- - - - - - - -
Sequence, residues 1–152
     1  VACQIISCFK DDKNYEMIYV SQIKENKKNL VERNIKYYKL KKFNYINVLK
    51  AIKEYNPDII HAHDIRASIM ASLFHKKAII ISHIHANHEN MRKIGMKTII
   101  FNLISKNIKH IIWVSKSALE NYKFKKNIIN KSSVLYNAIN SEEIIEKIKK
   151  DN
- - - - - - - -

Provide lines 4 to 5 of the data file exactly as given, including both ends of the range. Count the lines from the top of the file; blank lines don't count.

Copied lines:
   101  FNLISKNIKH IIWVSKSALE NYKFKKNIIN KSSVLYNAIN SEEIIEKIKK
   151  DN